Theparticles, which are represented under the area to the right of theactivation energy, have the capacity to react upon collision.However, a great majority do not possess sufficient energy, whichwill make them simply bounce apart. In order to speed up thereaction, one would require augmenting the number of particles havingenergies greater than or equaling the activation energy.
EnthalpyDiagram Showing Activation Complex Catalyst Pathway
Anactivated complex describes an intermediate state, which becomesformed during the process of converting reactants into products(Spivey &Dooley,2011. Pp 57). It is the structure, which results at the highestenergy point in the reaction path. In an exothermic reaction, some ofthe reactants’ enthalpy becomes released to the surroundings in theform of heat. As a consequence, the enthalpy of the reactants is morethan that of the products. The following enthalpy diagram depicts theactivated complex in an exothermic reaction.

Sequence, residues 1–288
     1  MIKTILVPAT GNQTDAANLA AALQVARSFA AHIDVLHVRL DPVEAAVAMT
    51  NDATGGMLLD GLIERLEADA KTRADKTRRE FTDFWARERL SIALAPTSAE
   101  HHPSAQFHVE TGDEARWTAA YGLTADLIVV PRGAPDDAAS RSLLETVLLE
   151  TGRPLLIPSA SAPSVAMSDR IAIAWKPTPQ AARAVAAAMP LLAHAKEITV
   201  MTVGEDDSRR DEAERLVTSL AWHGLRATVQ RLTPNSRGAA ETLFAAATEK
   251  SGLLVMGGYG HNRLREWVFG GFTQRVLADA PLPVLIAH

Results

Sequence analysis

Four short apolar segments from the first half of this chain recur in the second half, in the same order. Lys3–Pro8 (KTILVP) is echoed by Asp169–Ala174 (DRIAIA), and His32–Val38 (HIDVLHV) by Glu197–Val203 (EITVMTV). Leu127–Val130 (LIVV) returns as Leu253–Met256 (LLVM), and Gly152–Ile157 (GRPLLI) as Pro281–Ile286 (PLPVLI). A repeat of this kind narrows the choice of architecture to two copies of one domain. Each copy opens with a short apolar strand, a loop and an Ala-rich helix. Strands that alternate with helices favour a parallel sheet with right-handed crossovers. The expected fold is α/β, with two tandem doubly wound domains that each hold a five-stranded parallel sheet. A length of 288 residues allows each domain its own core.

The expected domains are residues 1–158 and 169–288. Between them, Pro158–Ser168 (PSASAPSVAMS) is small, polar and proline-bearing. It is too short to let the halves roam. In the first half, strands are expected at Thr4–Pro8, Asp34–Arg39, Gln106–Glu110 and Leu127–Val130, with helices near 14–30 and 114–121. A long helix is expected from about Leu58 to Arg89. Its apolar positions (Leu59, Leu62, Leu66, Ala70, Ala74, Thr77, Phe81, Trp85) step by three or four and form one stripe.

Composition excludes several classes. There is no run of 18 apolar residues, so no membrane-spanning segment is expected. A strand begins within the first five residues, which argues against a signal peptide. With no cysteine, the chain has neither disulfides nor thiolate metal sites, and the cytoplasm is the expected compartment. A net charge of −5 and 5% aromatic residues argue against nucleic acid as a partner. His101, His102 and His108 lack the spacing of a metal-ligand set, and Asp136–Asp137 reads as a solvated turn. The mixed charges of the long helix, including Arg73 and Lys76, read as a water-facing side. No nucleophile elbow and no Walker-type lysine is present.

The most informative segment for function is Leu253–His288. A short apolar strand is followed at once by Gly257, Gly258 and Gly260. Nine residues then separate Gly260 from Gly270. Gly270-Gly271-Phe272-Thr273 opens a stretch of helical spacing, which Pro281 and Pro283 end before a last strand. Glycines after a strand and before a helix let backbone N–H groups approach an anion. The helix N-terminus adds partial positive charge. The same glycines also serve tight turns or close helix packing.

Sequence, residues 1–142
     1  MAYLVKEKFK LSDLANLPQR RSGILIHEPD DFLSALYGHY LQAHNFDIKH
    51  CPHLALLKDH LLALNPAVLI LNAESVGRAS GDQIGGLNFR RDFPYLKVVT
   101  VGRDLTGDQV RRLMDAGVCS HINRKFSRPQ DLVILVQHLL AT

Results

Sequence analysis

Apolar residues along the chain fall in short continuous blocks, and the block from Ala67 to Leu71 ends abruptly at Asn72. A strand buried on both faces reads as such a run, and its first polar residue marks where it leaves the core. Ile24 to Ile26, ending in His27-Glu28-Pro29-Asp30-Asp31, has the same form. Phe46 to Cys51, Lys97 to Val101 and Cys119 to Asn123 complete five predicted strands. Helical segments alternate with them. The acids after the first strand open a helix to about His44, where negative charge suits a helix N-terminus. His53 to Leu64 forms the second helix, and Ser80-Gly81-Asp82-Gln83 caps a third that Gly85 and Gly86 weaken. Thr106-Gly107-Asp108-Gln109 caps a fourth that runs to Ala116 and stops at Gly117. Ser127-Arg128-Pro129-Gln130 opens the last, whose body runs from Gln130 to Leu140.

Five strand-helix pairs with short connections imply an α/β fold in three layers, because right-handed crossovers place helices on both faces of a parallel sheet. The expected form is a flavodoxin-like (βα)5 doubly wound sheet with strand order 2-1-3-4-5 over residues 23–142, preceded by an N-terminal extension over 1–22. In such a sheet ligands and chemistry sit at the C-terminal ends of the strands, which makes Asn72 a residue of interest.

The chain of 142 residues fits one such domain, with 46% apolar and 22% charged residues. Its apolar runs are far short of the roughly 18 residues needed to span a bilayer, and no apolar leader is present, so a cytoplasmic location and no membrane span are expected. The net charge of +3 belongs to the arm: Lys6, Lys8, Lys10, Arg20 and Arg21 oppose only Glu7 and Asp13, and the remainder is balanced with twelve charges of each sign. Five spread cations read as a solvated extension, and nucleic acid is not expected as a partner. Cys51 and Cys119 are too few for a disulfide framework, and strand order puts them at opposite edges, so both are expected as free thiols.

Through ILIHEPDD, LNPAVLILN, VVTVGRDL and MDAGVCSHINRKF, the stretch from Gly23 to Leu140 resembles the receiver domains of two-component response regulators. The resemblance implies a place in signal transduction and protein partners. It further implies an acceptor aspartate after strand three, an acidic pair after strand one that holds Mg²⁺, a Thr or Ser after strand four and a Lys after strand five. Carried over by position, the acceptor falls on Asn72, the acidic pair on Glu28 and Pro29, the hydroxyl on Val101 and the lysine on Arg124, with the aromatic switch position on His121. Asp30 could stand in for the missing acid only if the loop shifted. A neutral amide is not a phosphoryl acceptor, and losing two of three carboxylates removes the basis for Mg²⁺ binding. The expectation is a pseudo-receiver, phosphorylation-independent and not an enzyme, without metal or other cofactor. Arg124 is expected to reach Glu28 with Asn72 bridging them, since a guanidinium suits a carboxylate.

Onthe other hand, heat is usually taken from the surrounding, when itcomes to endothermic reactions. This energy is transferred to theproducts therefore, the enthalpy of the reactants is usually lesscompared to that of the products. The enthalpy diagram for such areaction is as depicted below.